"Mr. Popper's Penguins," a mildly amusing flight of fancy for the family crowd, is far better for its penguins than its Popper. Not that Jim Carrey's Mr. Popper is poorly done, per se. But the penguins are perfectly suited for stealing scenes and hearts as they waddle around and completely take over this farce.
There are six of them — Captain, Lovey, Bitey, Nimrod, Stinky and Loudy — named like Snow White's dwarfs for their personality quirks. And despite their elegant white tie and tails look, they wreak a remarkable amount of smile-inducing havoc anywhere their bright orange webbies take them, which is into virtually every corner of Mr. Popper's life.
For director Mark Waters, who peaked early with "Mean Girls" in 2004 and has struggled more than succeeded since, "Mr. Popper's" represents a modest uptick. Screenwriters Sean Anders and John Morris (the pair behind the underappreciated silly splash of "Hot Tub Time Machine") and Jared Stern have taken the bones of the 1938 children's classic by Richard and Florence Atwater — man gets penguins, life is upended, lessons are learned — and gives the film lots of modern problems, maybe one or two too many.
Mr. Popper's base of operation shifts from the country to the big city, New York. He's no longer a lowly house painter but a big-shot Manhattan real estate wheeler-dealer. But at its heart, Mr. Popper's journey of self-discovery has changed, with the movie introducing the notion of and building the film around what it takes to be a good father in these complicated times.
The film begins with a quick flashback of young Tommy Popper getting ham radio dispatches from his world-traveling adventurer father (an absentee dad, in modern parlance). When next we see him, he's grown into a successful exec, with a divorce on the books, the kids every other weekend and his emotions carefully shelved. Yet in his pristine Manhattan penthouse, it's clear to see that he's lonely at the top.
With the news of his father's death comes an unexpected legacy: a penguin. One penguin soon becomes six (it's a shipping issue). Care and feeding proves difficult to say the least. His "p" popping, alliterating assistant Pippi (Ophelia Lovibond) trails along doing what she can. Harder to handle for this corporate climber is Popper's growing affection for the birds and the way they're warming up relations with the family.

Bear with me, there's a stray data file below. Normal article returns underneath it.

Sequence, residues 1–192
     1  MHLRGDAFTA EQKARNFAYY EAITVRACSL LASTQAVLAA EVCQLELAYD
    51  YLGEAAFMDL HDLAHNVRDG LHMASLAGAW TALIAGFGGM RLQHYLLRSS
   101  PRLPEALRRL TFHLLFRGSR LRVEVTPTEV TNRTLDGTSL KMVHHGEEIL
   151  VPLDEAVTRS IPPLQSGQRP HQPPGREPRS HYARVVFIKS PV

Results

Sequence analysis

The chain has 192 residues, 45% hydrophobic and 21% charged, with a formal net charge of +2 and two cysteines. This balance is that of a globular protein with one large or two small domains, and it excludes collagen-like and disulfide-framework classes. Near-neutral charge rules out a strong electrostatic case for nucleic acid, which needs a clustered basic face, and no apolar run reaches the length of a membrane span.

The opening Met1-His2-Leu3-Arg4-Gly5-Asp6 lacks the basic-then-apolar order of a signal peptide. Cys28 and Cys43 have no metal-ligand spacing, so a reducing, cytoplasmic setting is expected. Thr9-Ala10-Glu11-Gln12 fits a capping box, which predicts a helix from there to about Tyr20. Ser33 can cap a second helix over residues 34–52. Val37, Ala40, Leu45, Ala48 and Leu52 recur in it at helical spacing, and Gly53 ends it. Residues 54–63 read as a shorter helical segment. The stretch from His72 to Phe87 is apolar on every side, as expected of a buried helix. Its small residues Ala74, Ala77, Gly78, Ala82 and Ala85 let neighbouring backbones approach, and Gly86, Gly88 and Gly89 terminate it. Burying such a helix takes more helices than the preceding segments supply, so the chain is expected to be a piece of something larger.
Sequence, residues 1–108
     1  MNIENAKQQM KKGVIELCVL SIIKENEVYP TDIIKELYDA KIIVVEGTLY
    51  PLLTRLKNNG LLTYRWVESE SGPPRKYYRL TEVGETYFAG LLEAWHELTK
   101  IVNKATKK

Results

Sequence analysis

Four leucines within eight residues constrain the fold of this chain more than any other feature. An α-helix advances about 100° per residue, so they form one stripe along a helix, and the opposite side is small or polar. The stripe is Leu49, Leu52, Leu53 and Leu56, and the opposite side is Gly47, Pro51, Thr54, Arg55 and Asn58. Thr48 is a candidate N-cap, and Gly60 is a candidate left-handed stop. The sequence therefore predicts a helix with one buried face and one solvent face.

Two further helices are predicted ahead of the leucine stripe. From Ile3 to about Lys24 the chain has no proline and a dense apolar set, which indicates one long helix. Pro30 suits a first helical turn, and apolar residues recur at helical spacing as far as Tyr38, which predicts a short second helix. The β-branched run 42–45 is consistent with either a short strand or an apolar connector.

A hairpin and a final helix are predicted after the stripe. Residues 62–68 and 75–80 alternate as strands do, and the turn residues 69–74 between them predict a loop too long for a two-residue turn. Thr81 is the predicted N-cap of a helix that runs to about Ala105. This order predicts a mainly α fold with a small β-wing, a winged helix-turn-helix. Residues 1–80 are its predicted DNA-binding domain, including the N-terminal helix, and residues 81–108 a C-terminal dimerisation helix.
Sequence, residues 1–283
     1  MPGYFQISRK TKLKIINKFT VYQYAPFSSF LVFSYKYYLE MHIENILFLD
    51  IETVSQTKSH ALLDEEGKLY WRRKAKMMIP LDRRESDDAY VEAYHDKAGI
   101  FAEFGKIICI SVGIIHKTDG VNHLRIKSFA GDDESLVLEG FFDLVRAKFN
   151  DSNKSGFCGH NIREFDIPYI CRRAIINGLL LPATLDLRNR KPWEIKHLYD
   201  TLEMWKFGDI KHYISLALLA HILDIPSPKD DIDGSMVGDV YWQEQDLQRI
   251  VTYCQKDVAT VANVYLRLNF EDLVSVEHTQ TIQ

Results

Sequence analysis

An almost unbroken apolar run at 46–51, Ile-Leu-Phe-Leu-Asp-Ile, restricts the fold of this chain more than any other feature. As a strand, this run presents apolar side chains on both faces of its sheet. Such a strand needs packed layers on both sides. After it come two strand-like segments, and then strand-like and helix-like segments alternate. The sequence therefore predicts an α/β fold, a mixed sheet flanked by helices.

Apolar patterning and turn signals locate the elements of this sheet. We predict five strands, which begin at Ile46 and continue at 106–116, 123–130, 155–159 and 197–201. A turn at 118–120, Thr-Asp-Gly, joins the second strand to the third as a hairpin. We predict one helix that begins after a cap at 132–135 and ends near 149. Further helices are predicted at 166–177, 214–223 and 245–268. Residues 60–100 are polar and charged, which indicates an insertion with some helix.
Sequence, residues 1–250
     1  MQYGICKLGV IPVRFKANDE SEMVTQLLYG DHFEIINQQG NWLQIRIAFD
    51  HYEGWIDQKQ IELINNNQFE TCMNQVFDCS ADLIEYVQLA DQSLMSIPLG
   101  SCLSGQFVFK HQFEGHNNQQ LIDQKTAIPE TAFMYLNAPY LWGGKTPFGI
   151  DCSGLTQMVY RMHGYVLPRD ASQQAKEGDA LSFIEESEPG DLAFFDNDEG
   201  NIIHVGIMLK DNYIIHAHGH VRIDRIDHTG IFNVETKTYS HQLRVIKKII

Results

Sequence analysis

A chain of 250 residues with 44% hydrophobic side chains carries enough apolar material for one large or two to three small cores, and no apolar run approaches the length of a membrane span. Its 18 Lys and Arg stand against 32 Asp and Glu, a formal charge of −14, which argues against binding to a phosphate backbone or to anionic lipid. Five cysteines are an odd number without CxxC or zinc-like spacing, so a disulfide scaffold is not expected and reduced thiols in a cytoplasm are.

The family is an amiable one with Carla Gugino as the former missus more bemused than bitter. Madeline Carroll ("Swing Vote") and Maxwell Perry Cotton are the teen and pre-teen offspring, Janie and Billy, who've been put in charge of general discontent. But you can tell there's a lot of goodwill lingering around the edges since they are charmed by Dad's transformation from uptight to slightly crazy as he converts his apartment into a frigid ice and snow playground for his penguin pack.
There are a couple of outside pressures that keep the action cooking. Popper's acquisition-hungry bosses want Tavern on the Green, and Popper's future is riding on persuading its reluctant society doyenne (Angela Lansbury) to sell. The other is the New York Zoo's "flightless bird specialist" (Craig Gregg), who, in a move reminiscent of "101 Dalmatians," is trying to get his hands on the birds for questionable reasons.
But the-impossible-to-upstage stars are the penguins, a combination of real Gentoos specially trained for the film and some computer-generated counterparts. The special effects gurus blend the two seamlessly, making it easy to believe there was no digital wizardry involved, which is perhaps the niftiest trick of all.
The birds also provide the film's slapstick extremes, with Carrey setting most of his "Dumb and Dumber" aside. Though the biggest action number has the birds crashing a major charity event at the Guggenheim Museum, using its grand spiral ramp for a water slide, the smaller moments are sometimes more satisfying. Like a "quiet" dinner at home, table set, with Popper unfazed by the penguins' fishy mess and atrocious manners.
Ironically, the eye of the storm is a much-toned-down Carrey. It's almost as if he senses that his outsize comic antics have come to irritate more than amuse audiences in recent years. Yet somehow even with six pairs of happy feet and Carrey keeping his rubber-band lips and googly eyes mostly in check, there's a spark missing — that bit of magic that would have made it possible for "Mr. Popper's Penguins" to soar.Copyright © 2015, Los Angeles Times